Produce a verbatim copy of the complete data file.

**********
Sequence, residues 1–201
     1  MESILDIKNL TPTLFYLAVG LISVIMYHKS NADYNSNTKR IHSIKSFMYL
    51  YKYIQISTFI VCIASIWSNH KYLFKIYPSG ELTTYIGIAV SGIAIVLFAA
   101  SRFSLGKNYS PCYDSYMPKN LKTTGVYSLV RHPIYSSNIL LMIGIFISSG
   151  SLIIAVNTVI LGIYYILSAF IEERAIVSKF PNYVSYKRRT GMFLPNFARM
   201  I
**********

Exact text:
Sequence, residues 1–201
     1  MESILDIKNL TPTLFYLAVG LISVIMYHKS NADYNSNTKR IHSIKSFMYL
    51  YKYIQISTFI VCIASIWSNH KYLFKIYPSG ELTTYIGIAV SGIAIVLFAA
   101  SRFSLGKNYS PCYDSYMPKN LKTTGVYSLV RHPIYSSNIL LMIGIFISSG
   151  SLIIAVNTVI LGIYYILSAF IEERAIVSKF PNYVSYKRRT GMFLPNFARM
   201  I